Synopses & Reviews
Someone Else's Wedding Vows reflects on the different forms of love, which can be both tremendously joyous and devastatingly destructive. The title poem confronts a human ritual of marriage from the standpoint of a wedding photographer. Within the tedium and alienation of the ceremony, the speaker grapples with a strange human hopefulness. In this vein, Stone explores our everyday patterns and customs, and in doing so, exposes them for their complexities. Drawing on the neurological, scientific, psychological, and even supernatural, this collection confronts the difficulties of love and family. Stone rankles with a desire to understand, but the questions she asks are never answered simply. These poems stroll along the abyss, pointing towards the absurdity of our choices. They recede into the imaginative in order to understand and translate the distressing nature of reality. It is a bittersweet question this book raises: Why we are like this? There is no easy answer. So while we look down at our hands, perplexed, Someone Else's Wedding Vows raises a glass to the future.
"Stones poems astutely and honestly address the longing and cost of human connections
"The poems in Someone Elses Wedding Vows are vibrant with a voice that sees the world from every angle. Entire poems down to individual lines challenge the way we see relationships, whether with another person or ourselves, leaping from the mundane co-existence of daily life to the wilder possibilities of imagination."
"In Someone Elses Wedding Vows Bianca Stone offers us an invitation to venture simultaneously inward on a journey of self-excavation, and outward where our journeys can intersect through empathy, imagination, and inquiry."
Bianca Stones poems are powerful, moving, and original. There is an amazing image center in her brain! Her brain (psyche, heart) can wrestle the matter of life to the ground (a pleasure for matter), and shapechange with it, and it does not give up its ghost but reveals, in joy and sorrow, its spirit. Stones poems are highly charged, lively, and interesting. They are fiercely anti-sentimental, and emotionally generous. They have a distinctive underlying grieving compassion. I see in her work the natural weirdness and leaping of our minds. But wilder! Its as if she can take her mind out of gear, out of its prosaic limitations, and overhear, and sing, the strange true thoughts and feelings we have when were at our most genuine and unprotected. In her poems were in the presence of a naked human voice, not concealing itselfor over-reaching to expose itselfwhich dives as deep as voices go.”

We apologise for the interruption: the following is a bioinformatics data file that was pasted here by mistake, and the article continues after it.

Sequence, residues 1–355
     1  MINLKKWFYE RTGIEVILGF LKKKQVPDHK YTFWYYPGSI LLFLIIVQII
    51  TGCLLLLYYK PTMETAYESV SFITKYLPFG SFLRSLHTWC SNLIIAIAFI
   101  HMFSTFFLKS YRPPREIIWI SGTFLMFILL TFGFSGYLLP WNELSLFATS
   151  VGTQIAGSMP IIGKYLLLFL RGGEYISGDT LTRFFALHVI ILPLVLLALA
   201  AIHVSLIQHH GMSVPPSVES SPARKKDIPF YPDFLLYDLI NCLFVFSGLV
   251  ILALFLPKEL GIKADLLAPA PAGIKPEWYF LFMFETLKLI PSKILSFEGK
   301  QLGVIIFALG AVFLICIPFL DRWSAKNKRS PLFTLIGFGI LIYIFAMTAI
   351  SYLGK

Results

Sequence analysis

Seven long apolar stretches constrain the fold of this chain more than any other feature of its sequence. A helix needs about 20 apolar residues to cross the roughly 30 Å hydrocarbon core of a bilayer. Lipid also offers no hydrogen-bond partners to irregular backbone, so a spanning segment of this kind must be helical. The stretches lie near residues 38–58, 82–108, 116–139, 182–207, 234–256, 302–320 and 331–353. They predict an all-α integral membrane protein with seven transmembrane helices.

Sharon Olds, Pulitzer-Prizewinning author of Stags Leap
Lets say hypersensitivity ranks high up among poetrys necessary attributes. Lets say that to ride the back of a parable and make it past the bell rates further fervent notice, and lets say we want to pay attention to a poet who says we will perceive our own pain in others/and we will know if we are capable of loving them. Open the book, read this poem: Reading a Science Article on the Airplane to JFK, and then Im confident youll want to spend a lot of time with Bianca Stones astonishing debut book.”
Dara Wier, author of Remnants of Hannah
I read the work of our most brilliant young poets to be reminded that it is still possible, despite everything, for our abused and decimated language to ring out the difficult truths of full-on awareness. The best of them, like Bianca Stone, do not settle for mere cleverness. They know it is not enough to be brilliant, that it is essential in poetry not merely to report the miseries and blessings, but to transform them. When she says, I saw the devil with his stitching techniques/textiles and shadow/saw his hands that never stopped or I found a small notebook called The People of Distress, I really believe her, and believe she is going to the difficult places and writing these poems in service not just to herself, but to us all, so that we can go to them and together find a little hope.”
Matthew Zapruder, author of Come on All You Ghosts
"Bianca Stones poetry has the glow of 21st-century enlightenment and lyric possession. Hilarious and powerful, Someone Elses Wedding Vows will have you come to terms with the vehemence of her magic."
Major Jackson, author of Holding Company
The much-anticipated debut collection from a celebrated young poet, Someone Else's Wedding Vows marks the arrival of an exciting new voice in American poetry.
About the Author
Heavily influenced by a family of writers and artists, including the late poet Ruth Stone, Bianca Stone
began writing poems at a very early age. Born in Vermont, and raised by a single mother along with her twin brother and older sister, she studied poetry and literature at Antioch College, and received her MFA in poetry from NYUs Creative Writing Program in 2009. Also a visual artist, Bianca Stone began combining her poetry and art, cultivating the hybrid genre of Poetry Comics. It was from this interest in the visual and lyrical that she began a collaborative project with the poet and essayist, Anne Carson, (who had been her professor at NYU) on the book Antigonick
, published by New Directions in 2012. She now works as a personal assistant, as well as a visual artist and poet, and edits a small press, Monk Books, with her partner, Ben Pease, in Brooklyn, NY.